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Why Kansas City musician recorded an album in a Cold War missile silo

MARY LOUISE KELLY, HOST:

Russia keeps threatening to use nuclear weapons. The United States, China, North Korea - they're all beefing up their arsenals. Meanwhile, a Kansas City musician set up his pedal steel guitar in a Cold War missile silo to record a hopeful reminder that nuclear war is not inevitable. Frank Morris of member station KCUR reports.

FRANK MORRIS, BYLINE: Nate Hofer cut his teeth playing pedal steel guitar in country and western bands.

(SOUNDBITE OF REX HOBART AND THE MISERY BOYS SONG, "FOREVER ALWAYS ENDS")

MORRIS: Hofer's first solo record comes from a very different place.

(SOUNDBITE OF NATE HOFER'S "NOVEMBER-05 HIGGINSVILLE")

MORRIS: Hofer recorded this album in a 60-some-year-old intercontinental ballistic missile silo near Wilson, Kan.

MATTHEW FULKERSON: Are you guys ready to go underground?

(SOUNDBITE OF METAL CLANKING)

FULKERSON: All right, come on down.

MORRIS: Matthew Fulkerson, the guy who owns this decommissioned Atlas F missile base, is giving a tour.

FULKERSON: Yeah. The sign says - what? - warning, 150-foot open silo shaft exists at the end of tunnel beyond this door or something like that. Here we go.

(SOUNDBITE OF METAL CLANGING)

MORRIS: A heavy, corroded door opens on a cavernous underground silo, looking like something out of "Star Wars." Massive, rusty machinery hangs from the walls. Epoxy oozes from the 70-ton blast doors high above. Nate Hofer, a tall, slender guy in a cheery Hiroshima baseball cap, stands at the precipice, enjoying the acoustics.

NATE HOFER: So we'll - I'm going to get loud here for a second just so it can carry. All right. Echo.

(SOUNDBITE OF SHOUT ECHOING)

HOFER: That's a good five seconds, which is amazing to play into - you know, pedal steel guitar.

(SOUNDBITE OF NATE HOFER'S "ECHO-07 SEDALIA")

MORRIS: Pedal steel guitar is a strange and complicated instrument, typically a shiny, steel table with 20 strings on top, played with metal picks and a metal slide, plus foot and knee pedals to bend notes. Twentieth-century technology came into its own about the same time as nuclear weapons, but the two never gelled until now.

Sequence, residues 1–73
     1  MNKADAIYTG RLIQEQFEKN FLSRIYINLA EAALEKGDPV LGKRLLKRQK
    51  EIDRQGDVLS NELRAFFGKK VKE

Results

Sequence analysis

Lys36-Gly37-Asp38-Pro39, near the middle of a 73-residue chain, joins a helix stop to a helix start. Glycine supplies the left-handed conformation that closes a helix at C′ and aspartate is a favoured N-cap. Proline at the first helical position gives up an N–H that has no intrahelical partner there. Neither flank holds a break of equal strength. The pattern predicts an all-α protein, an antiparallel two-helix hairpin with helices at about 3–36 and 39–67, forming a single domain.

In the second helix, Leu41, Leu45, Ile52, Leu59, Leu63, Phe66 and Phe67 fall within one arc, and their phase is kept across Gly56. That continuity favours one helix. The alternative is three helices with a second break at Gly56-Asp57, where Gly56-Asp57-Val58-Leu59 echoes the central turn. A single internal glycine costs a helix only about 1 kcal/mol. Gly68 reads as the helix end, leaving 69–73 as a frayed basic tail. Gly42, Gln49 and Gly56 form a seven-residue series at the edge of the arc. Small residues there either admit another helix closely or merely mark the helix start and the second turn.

HOFER: The guitar players and pedal steel players have reverb effects pedals that we can use all the time. But for this recording, I didn't do any of that because I knew that this echo here would be even better and be perfect for the recording.

(SOUNDBITE OF NATE HOFER'S "ECHO-07 SEDALIA")

MORRIS: Hofer grew up in the 1980s near a sprawling Army ammunition plant. He's been concerned about nuclear war since first grade. His stepdad's attempt at soothing didn't help.

HOFER: He told me not to worry because if World War III were to happen, we would be gone like that.

MORRIS: Hofer's doing what he can to head off nuclear apocalypse. His aerial photography of decommissioned nuclear missile sites in Missouri won a Global Peace Photo award. That's what peace looks like, judges said. He's going for the same vibe with his new record, which is called "Decommissioned," not what you might expect from underground doomsday missile base music.

HOFER: Like, oh, it's going to be dystopian. It's - oh, it's about nuclear war? OK, it's going to be creepy. Like, well, no, actually, it's just the opposite. I want to open people up with this music. I want it to be soothing and relaxing. This album was recorded in a decommissioned missile silo. It's highlighting what's missing. This is an empty nuclear missile silo. Hey, maybe we don't need as many of these as we thought, or maybe we don't need them at all, you know?

(SOUNDBITE OF NATE HOFER'S "MIKE-11 PITTSVILLE")

MORRIS: Hofer does not expect his new record to stave off nuclear war, but he hopes it'll give listeners the peace of mind to contemplate turning things around.

For NPR News, I'm Frank Morris.

(SOUNDBITE OF NATE HOFER'S "MIKE-11 PITTSVILLE") Transcript provided by NPR, Copyright NPR.

NPR transcripts are created on a rush deadline by an NPR contractor. This text may not be in its final form and may be updated or revised in the future. Accuracy and availability may vary. The authoritative record of NPR’s programming is the audio record.

Frank Morris
[Copyright 2024 NPR]